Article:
Thank you thank you thank you, Michael Wilson, for posting a full transcript of the verdict in PDF form on his NYTimes City Room blog! It’s the next best thing to being allowed in the courtroom!
In case it’s not permanently available, I’ll quote and paraphrase in pertinent part.
First, regarding the unit’s presence at Kalua Cabaret, Justice Cooperman said:
“Because establishments known as “strip clubs” often generate criminal activity including prostitution and narcotics, the Police Deptartment Club Enforcement unit was given the task of infiltrating such places and pursuing violations of law that would lead toward shutting them down.”
“So it was that the detectives charged in this case found themselves in the vicinity of Club Kalua in the morning hours of November 25, 2006.”
Later, the judge says credibility of the People’s witnesses was of paramount importance:
“The Court has found that the People’s ability to prove their case beyond a reasonable doubt was affected by a combination of the following factors: the prosecution witnesses’ prior inconsistent statements, inconsistencies in testimony among prosecution witnesses, the renunciation of prior statements, criminal convictions, the interest of some witnesses in the outcome of this case, the demeanor on the stand of other witnesses and the motive witnesses may have had to lie and the effect it may have had on the truthfulness of a witness’s testimony. These factors had a significant part in the People’s ability to prove their case beyond a reasonable doubt, and had the effect of eviscerating the credibility of those prosecution witnesses. And, at times, the testimony just didn’t make sense.”
Justice Cooperman found that the confrontation in front of the club between Coicou and the Bell group was heated, Coicou was perceived as having a gun, and that someone in Bell’s group said they’d take Coicou’s gun from him. Cooperman credited the testimony of Isnora and Sanchez and discredited all prosecution witnesses in finding that Guzman told someone to go get his gun.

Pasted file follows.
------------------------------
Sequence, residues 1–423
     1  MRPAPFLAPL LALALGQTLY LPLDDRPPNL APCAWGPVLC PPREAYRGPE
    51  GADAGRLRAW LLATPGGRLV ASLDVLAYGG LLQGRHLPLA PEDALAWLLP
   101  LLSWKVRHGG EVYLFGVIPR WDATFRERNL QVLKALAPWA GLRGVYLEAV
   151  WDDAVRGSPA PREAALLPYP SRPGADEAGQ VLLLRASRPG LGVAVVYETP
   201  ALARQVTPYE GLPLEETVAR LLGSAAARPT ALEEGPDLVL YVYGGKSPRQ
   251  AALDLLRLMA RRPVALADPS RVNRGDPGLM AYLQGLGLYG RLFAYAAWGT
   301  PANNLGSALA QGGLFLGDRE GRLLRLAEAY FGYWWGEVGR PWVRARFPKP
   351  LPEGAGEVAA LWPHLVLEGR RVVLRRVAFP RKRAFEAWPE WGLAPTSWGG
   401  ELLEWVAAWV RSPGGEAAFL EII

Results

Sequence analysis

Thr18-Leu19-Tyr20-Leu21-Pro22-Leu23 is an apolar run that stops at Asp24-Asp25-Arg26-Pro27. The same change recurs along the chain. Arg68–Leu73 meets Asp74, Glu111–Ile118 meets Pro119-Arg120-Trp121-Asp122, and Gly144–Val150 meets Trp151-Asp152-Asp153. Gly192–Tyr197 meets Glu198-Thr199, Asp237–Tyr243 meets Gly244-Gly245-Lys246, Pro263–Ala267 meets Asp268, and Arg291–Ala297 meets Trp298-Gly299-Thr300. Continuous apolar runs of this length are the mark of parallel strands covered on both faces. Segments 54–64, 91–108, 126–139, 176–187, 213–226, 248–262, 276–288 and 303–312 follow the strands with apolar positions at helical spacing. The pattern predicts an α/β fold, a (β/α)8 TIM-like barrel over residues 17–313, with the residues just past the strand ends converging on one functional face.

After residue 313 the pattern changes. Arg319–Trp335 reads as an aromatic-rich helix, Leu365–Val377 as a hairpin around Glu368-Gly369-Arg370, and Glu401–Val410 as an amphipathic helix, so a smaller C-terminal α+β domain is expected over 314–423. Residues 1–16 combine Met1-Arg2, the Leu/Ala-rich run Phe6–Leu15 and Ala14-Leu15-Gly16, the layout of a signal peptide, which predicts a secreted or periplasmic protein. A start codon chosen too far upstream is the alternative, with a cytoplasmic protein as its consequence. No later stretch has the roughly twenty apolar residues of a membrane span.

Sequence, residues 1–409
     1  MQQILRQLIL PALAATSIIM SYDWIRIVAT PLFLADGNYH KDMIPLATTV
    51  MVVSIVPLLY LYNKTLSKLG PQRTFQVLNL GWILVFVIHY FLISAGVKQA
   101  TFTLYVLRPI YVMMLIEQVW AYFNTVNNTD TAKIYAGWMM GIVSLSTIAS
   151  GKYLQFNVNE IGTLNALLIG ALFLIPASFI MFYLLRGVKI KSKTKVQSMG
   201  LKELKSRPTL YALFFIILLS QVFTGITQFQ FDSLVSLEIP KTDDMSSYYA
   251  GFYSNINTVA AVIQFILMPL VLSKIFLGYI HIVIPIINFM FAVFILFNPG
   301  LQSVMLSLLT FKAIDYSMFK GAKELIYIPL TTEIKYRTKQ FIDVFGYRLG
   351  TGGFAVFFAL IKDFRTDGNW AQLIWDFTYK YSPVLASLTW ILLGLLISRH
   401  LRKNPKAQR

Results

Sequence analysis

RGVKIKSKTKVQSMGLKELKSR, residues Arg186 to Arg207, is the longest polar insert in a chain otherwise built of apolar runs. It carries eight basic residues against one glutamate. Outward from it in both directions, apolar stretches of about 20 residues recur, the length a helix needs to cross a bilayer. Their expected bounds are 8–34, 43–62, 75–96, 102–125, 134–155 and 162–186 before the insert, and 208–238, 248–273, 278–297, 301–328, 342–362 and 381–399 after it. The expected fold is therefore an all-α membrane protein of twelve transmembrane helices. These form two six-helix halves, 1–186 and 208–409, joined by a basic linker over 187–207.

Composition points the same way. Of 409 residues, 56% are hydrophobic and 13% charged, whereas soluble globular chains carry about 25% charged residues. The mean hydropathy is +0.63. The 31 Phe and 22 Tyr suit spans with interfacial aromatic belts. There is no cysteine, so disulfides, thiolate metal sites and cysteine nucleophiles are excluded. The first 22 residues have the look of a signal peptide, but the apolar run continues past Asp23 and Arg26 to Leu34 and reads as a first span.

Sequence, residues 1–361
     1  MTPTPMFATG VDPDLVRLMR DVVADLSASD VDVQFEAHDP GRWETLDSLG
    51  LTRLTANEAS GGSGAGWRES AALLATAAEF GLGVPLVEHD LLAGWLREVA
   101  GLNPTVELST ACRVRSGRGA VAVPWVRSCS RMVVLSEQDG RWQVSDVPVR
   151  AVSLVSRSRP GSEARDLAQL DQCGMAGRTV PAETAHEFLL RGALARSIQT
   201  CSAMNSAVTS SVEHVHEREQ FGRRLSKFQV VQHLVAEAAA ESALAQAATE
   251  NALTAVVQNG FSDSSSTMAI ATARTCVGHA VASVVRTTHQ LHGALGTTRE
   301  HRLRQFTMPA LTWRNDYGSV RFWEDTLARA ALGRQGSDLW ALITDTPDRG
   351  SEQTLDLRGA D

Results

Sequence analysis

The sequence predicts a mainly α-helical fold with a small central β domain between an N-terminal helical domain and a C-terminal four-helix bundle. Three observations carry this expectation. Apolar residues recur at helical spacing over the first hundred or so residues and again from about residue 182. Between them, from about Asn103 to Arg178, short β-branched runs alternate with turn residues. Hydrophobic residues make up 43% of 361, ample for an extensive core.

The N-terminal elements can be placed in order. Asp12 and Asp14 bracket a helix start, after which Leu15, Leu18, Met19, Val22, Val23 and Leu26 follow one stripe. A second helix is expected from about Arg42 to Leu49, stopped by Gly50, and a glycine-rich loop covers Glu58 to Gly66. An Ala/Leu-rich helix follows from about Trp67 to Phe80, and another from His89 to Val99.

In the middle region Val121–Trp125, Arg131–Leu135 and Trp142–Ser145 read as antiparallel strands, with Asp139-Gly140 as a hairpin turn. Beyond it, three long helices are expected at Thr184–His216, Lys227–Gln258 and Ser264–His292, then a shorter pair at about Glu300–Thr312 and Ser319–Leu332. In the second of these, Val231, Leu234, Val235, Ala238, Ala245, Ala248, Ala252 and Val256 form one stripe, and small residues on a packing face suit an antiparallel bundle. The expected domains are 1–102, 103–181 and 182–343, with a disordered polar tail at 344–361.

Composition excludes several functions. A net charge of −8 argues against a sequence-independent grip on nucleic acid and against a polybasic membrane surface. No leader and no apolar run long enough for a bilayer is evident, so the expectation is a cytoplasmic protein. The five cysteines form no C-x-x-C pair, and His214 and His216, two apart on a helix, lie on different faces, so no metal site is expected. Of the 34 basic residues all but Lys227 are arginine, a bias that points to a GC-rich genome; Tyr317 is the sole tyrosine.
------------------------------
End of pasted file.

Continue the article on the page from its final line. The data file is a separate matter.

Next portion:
Because of this, Isnora was justified in following Bell and Guzman, “two of the more active participants” the judge said, “in this heated confrontation.”
The Court also found, consistent with most of the witnesses, both prosecution and defense, that Bell’s car “sped away from its parked position,” hit Isnora, struck the police minivan head-on, reversed into a gate, and went forward again, hitting the minivan again. The incident “lasted just seconds,” and the “officers responded to perceived criminal conduct, the unfortunate consequences of their conduct were tragic.”
Because the defense was justification (self-defense), the People had the burden of proving that the defendants were not justified (acting in self-defense), which he found the People could not do. Thus, the defendants were not guilty of any of the charges.
Finding Benefield’s credibility “seriously impeached,” the Court said the evidence showed he was not shot while running.
Cooperman also found some of the defense testimony “not necessarily credible,” but, because the People have the burden of proof, that didn’t have the degree of significance as what he found to be the People’s witnesses’ contradictions and lack of credibility.
The judge also said his verdict didn’t touch upon any possible carelessness or incompetence on the part of the officers. Those are different standards of conduct, applied in a civil context, and will not be addressed here but “are left to other forums.” The detectives’ conduct simply did not rise to the level of criminality. Cooperman also said he did not consider either the Bell community or the NYPD as being on trial here, simply these particular detectives.